Domestic livestock in Iceland have an interesting life… during the harsh winters they spend their time safely sheltered in barns, but during the summer they are mainly left to wander around the countryside, fending for themselves.
As a result, you will find them everywhere… especially the sheep. Climb a volcano, there will be a sheep. Try crossing a single track bridge… you’ll find your way blocked by sheep. So, the obvious question is, how do farmers catch them at the end of the summer?
The answer is the Réttir – the gathering of the animals in late September. Every farmer goes out to scour their land and rounds up every sheep they can find, regardless of who it may belong to. They are then brought together on a given day in a huge pen, and the farmers and their families go in to find their own sheep and wrangle them into a separate pen dedicated for their own livestock.
We happened upon such a gathering by accident on the road to the Snæfellsnes peninsula, north of Reykjavik. There must have been a few dozen folk there, and hundreds of sheep. It was certainly a fun event, verging on the crazy at times, as the kids got involved to corral the sheep and the sheep tried to make a break for freedom wherever they could. Even the toddlers got involved, as their parents picked them up and plonked them on top of a protesting sheep, to learn how to identify it and walk it to where it needed to be. As you’ll see from the chap in blue in headline image, the standard technique is to straddle the sheep, grab its horns and lead it along. Of course, this sometimes doesn’t work (see below;-)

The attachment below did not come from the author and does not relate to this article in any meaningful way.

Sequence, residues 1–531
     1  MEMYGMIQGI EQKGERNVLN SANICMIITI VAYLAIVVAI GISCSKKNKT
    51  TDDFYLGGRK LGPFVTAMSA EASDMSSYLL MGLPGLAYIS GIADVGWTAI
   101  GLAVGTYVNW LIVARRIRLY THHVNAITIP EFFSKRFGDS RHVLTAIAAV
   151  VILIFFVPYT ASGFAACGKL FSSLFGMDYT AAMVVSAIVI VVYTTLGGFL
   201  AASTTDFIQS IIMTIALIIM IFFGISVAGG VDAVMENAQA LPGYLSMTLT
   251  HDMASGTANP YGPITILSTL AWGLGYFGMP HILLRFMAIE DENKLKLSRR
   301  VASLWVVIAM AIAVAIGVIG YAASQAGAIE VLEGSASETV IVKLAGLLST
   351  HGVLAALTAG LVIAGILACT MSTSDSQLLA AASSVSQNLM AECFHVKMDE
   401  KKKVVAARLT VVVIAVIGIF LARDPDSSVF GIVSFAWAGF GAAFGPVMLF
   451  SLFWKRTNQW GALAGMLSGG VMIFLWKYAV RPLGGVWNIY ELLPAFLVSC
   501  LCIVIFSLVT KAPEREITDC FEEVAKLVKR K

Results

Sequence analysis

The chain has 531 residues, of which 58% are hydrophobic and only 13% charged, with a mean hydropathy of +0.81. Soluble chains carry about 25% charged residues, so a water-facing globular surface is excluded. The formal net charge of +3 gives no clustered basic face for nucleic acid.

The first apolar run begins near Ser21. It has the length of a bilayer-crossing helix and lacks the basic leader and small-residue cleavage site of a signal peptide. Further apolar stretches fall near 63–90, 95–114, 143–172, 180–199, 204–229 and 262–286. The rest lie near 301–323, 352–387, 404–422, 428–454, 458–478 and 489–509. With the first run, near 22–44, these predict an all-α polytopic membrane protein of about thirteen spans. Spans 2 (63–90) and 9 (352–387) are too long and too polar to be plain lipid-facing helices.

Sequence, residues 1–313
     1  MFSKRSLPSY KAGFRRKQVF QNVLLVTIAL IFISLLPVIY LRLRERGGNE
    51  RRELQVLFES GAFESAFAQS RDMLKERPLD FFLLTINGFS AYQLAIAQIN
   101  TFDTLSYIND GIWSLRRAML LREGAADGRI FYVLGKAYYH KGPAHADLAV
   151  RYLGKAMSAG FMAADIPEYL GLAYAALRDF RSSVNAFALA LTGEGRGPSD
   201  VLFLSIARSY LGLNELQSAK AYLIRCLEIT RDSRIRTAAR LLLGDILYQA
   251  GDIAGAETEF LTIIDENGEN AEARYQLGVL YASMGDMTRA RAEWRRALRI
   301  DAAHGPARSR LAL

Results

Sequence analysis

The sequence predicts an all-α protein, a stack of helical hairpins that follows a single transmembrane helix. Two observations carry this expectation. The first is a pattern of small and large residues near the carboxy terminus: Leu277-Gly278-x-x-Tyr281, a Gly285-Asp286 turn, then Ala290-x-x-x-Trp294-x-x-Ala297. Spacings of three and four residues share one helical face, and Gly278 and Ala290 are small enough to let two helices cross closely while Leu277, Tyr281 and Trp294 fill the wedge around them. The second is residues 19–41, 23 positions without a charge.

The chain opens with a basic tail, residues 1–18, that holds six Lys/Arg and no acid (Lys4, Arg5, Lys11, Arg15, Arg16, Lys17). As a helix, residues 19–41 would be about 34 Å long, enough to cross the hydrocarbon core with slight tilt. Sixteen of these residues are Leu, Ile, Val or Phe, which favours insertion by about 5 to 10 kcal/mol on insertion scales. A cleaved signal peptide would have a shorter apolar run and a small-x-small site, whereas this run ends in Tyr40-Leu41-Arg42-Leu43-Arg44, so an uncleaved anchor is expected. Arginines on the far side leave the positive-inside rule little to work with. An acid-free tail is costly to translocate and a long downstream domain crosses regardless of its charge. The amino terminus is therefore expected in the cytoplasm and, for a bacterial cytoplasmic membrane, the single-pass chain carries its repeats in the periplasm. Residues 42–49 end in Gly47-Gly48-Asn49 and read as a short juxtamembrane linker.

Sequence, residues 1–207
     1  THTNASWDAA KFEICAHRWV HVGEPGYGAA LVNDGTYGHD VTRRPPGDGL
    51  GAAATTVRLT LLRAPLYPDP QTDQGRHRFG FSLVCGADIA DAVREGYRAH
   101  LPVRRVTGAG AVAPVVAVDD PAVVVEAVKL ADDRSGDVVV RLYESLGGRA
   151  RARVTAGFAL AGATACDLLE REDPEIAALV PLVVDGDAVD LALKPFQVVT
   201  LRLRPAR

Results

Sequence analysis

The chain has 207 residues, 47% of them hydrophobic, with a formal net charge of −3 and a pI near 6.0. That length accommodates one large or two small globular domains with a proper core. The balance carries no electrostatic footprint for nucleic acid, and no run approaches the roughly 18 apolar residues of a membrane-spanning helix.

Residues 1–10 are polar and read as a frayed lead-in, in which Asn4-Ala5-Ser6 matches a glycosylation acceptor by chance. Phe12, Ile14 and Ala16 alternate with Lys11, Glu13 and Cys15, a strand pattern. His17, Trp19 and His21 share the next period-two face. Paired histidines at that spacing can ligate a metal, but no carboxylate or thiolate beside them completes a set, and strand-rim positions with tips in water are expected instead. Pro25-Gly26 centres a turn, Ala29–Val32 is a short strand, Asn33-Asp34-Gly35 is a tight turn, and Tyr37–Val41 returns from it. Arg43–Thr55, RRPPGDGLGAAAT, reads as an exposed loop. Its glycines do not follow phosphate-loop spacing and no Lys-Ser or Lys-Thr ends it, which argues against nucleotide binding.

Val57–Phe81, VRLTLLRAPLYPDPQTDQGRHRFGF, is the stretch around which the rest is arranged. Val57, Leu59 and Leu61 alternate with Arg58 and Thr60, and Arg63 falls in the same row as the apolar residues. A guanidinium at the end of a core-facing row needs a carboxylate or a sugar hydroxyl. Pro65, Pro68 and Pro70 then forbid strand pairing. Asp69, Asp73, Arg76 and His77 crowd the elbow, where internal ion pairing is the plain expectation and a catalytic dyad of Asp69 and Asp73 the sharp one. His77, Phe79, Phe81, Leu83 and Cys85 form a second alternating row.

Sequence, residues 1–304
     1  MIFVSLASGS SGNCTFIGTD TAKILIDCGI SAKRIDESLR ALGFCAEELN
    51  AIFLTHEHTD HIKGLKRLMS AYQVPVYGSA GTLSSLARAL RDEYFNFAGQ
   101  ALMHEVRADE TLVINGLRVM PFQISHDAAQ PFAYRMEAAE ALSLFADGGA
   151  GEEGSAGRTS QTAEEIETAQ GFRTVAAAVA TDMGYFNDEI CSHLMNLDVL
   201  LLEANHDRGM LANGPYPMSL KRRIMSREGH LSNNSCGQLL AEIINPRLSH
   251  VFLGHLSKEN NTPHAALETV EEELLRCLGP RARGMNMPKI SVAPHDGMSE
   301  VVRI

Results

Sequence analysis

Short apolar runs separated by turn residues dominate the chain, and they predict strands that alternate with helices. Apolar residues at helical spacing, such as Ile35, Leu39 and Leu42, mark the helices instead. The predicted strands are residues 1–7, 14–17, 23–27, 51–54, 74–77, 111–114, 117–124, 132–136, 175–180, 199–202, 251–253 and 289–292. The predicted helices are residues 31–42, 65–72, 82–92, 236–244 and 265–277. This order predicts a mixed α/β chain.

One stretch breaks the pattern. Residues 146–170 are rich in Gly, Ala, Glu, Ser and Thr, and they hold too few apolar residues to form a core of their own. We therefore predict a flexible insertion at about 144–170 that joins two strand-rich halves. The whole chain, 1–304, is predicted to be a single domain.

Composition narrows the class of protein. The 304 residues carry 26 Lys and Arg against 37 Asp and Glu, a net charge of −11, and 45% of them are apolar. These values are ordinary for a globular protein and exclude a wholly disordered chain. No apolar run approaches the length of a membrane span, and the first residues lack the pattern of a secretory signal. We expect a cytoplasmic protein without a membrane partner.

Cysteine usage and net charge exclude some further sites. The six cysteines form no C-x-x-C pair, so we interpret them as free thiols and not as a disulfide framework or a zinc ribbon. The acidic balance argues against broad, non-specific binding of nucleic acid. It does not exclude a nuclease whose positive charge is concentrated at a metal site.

You will see the same approach used to gather the Icelandic horses around the same time – so, if you are out in the Iceland countryside around September, take a look to see when the Réttir will be happening. It is a great event to see, even if you are not looking to photograph it!
The headline image for this post was taken using a Canon 5Dmk3 and 16-35mm lens, at 1/500th at F4. No special processing applied.